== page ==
Poetry Friday: My Great Escape

This draft is my response to the Teachers Write mini lesson that Kate Messner posted on Monday.  In it, she asked writers to consider “how might different elements of [a] story look different to different characters?”

To inspire us, Kate shared the story of a king cobra that escaped from a Florida home a few years ago. Despite my irrational fear of snakes, I knew I wanted to write from the cobra’s perspective.

Kate’s new novel, Breakout, is a fictional version of the real-life drama of two inmates escaping from a prison near her home in upstate New York. Three characters tell the story from different points of view, giving readers a more complete picture of events. One character, Lizzie, often manages to find humor in this serious situation. The article about the escaped snake also included humorous Twitter and Facebook posts people wrote at the time, imagining where in the world the snake might be. But I found nothing humorous about the situation. I felt sorry for the poor woman who found the snake, and I really felt sorry for the snake. 

My Great Escape

Stolen from my jungle home,
stuffed into a barren box:
no royal treatment for me.
My days were spent in misery.

Desperate to stretch,
uncoil my sleek brown body
I watched for my chance,
bolted from that ranch.

I slithered through suburbia,
searching for a place to settle:
a bamboo thicket or a fallen tree
where I would be free.

But my dream was not to be…

I was found behind a dryer.
Hissing, hood flared in warning,
I rose up as if on a throne:
Leave me alone!

I put up quite a fight
before Animal Control officers
caught me, ended my spree
and returned me to captivity.

draft © Catherine Flynn, 2018

Please be sure to visit Poetry for Children, where Sylvia Vardell has some exciting news and the Poetry Friday Roundup!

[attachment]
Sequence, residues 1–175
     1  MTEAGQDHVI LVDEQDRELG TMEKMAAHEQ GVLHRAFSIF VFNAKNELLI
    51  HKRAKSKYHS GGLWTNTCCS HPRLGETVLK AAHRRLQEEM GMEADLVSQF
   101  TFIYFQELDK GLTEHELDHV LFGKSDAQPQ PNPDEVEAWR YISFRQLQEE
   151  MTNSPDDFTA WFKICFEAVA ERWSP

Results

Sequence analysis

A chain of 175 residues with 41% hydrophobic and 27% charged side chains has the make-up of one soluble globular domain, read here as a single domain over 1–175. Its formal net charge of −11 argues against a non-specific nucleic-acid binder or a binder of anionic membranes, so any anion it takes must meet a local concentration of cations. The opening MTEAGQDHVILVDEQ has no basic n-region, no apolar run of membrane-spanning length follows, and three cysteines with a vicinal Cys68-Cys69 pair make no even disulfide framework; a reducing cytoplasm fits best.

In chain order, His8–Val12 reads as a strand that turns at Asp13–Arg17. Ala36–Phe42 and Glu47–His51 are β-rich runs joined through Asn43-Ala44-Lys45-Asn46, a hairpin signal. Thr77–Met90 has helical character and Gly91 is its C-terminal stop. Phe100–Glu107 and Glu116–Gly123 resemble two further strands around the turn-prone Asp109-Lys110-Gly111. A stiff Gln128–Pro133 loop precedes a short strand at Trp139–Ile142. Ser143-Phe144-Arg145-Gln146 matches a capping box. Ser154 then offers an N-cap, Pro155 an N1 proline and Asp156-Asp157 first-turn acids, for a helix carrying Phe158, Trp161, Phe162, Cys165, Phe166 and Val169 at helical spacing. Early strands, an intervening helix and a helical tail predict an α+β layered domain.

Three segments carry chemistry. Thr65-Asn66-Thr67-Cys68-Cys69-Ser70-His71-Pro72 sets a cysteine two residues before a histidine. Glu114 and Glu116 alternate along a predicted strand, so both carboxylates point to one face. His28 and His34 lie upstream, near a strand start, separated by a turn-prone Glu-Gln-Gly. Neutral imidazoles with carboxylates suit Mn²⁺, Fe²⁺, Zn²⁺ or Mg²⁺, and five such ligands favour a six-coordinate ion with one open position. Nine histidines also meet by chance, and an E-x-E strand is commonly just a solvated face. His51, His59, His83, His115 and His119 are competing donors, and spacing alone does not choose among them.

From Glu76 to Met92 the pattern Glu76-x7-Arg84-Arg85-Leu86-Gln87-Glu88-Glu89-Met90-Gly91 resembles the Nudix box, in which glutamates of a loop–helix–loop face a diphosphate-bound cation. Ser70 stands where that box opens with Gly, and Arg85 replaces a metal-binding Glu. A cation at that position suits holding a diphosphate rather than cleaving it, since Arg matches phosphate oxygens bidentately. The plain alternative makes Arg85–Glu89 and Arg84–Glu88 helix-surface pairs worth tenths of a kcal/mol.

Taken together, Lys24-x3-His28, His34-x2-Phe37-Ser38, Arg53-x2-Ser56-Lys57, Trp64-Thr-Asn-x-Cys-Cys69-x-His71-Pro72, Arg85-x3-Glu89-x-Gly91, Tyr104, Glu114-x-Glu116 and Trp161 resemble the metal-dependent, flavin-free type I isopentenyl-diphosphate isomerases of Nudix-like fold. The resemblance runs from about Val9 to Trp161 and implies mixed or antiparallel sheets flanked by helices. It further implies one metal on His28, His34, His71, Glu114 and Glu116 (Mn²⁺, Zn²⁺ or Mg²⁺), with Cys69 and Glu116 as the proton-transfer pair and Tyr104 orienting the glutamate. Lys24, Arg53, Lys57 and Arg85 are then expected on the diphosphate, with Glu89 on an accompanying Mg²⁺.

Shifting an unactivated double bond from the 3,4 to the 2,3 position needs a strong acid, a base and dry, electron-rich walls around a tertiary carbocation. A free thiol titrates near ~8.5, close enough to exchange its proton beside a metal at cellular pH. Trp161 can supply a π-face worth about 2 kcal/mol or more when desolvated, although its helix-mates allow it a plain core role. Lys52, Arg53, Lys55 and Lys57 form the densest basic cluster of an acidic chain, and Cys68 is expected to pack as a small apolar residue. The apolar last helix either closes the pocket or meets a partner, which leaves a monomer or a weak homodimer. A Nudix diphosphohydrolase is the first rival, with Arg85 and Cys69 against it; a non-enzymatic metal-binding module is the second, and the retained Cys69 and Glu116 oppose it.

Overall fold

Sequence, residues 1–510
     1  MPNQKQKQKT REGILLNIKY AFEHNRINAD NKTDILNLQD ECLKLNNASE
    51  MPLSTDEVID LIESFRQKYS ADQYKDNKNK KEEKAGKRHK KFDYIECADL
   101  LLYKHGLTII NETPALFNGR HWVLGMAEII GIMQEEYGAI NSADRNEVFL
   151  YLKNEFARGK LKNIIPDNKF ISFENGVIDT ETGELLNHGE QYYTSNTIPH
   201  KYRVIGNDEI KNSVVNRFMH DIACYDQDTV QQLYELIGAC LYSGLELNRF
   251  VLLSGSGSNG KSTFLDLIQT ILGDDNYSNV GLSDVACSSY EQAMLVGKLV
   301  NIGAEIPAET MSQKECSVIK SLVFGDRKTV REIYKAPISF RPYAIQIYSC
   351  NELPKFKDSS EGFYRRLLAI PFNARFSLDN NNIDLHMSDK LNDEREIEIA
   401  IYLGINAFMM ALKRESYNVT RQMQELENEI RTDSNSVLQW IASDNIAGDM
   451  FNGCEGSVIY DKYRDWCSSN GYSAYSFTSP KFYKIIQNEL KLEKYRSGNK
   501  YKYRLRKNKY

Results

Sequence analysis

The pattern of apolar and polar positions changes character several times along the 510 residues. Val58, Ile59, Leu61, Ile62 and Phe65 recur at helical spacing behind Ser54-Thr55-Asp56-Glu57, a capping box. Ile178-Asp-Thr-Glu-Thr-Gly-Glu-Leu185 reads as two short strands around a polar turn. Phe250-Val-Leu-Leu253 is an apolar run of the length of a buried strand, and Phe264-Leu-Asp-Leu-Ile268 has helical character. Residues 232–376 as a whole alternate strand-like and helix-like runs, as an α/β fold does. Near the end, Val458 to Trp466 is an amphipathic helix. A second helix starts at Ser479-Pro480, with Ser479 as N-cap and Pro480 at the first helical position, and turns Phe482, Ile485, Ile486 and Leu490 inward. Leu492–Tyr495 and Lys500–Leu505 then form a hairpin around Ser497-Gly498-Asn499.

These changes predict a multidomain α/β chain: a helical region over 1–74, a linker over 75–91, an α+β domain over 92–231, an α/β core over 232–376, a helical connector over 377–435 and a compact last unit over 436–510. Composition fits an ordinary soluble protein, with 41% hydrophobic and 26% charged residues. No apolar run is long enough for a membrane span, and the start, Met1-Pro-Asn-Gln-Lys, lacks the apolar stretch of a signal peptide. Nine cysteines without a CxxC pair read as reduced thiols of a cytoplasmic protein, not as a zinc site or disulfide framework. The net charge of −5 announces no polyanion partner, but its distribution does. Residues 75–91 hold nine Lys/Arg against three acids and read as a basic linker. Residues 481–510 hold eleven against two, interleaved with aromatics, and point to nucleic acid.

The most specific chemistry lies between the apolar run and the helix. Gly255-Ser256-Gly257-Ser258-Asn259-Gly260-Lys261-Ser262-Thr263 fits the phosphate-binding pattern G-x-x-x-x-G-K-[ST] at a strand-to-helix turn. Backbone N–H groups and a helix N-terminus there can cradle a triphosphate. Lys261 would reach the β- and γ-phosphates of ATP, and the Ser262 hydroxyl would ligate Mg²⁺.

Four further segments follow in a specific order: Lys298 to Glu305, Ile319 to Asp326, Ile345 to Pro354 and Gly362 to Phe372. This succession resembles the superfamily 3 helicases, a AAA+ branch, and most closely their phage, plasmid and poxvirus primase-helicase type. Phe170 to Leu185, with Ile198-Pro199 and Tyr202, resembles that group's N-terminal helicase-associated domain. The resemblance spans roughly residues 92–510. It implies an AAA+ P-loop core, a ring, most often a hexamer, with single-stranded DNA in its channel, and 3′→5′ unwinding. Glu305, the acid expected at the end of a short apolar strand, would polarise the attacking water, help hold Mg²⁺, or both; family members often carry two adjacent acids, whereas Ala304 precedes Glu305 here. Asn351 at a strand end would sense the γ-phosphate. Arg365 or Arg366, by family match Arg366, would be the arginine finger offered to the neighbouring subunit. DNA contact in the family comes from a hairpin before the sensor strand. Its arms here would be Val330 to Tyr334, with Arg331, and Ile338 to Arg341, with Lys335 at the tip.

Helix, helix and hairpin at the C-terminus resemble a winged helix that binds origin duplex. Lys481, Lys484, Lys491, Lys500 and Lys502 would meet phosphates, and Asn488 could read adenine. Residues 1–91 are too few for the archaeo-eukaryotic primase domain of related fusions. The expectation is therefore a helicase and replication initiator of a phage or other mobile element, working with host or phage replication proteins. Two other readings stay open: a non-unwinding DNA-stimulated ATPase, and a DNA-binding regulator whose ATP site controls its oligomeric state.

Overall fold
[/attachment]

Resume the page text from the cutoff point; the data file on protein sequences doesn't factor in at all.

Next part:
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Poetry Friday: This Dew-Dappled Morning

School ended last week and I spent a good part of last weekend reading and relaxing. As I sorted the stacks of books I’ve accumulated over the past few months, I found Searching for Stars on an Island in Maineby Alan Lightman. In her rave review, Maria Papova called Lightman’s book “a splendid read in its entirety,” and I ordered it immediately.

The intersection of science and spirituality is endlessly fascinating to me, and Lightman’s poetic approach to the universe captivated me at once. One line was in my mind when I went for a walk at dawn the other day: “All is in flux.” I hope Mr. Lightman won’t mind that I “borrowed” his line to begin this poem.

All is in flux.
Shimmering in dawn’s golden light,
morning glories hum
with breakfasting bees.
Raspberries ripen.
Maples dazzle and beckon.
One… two…
three crows alight
on the highest branches.
Their caws echo
across the countryside.
I step into this dew-dappled morning,
searching for what is true.

© Catherine Flynn, 2018

                        

Please be sure to visit Tricia at The Miss Rumphius Effect for the Poetry Friday Roundup.

Poetry Friday: “The Wrens”

Our librarian has been culling our collections and leaving a box of books for us to look through before these withdrawn books are…(I’m not sure what, maybe sent to the Island of Withdrawn Books?) Of course I peruse the box each day, hoping to find a treasure or two. So you can imagine how happy I was to find this the other day:

I’ve always loved Fisher’s poetry. Her keen observations and sense of humor make her work timeless. This spring, we have wrens nesting in the roof overhang of our new porch. They are dedicated parents, making countless trips back and forth from the nest to the nearby bushes for insects. As usual, Fisher gets their behavior exactly right in this sweet poem.

“The Wrens”
by Aileen Fisher

The wrens who rent our birdhouse
come back before it’s May.

They hang their hats inside the door
and settle down to stay.

We never have to send a bill,
so punctual are they…

They start each morning loud and clear,
to sing the rent away.

On another note, I am thrilled to share that two of my poems appear in The Quickwrite Handbook, Linda Rief’s new book full of mentor texts to “jumpstart…student’s writing and thinking.” Both poems first appeared here and here. Thank you, Linda, for including my work in your book!

Please be sure to visit Carol at Carol’s Corner for the Poetry Friday Roundup.

Poetry Friday: “Afternoon on a Hill”

“Sunny Days” by Lawrence Alma-Tadema,1874
Yale Center for British Art, Paul Mellon Fund

“Afternoon on a Hill”

I will be the gladdest thing
Under the sun!
I will touch a hundred flowers
And not pick one.

I will look at cliffs and clouds
With quiet eyes,
Watch the wind bow down
the grass,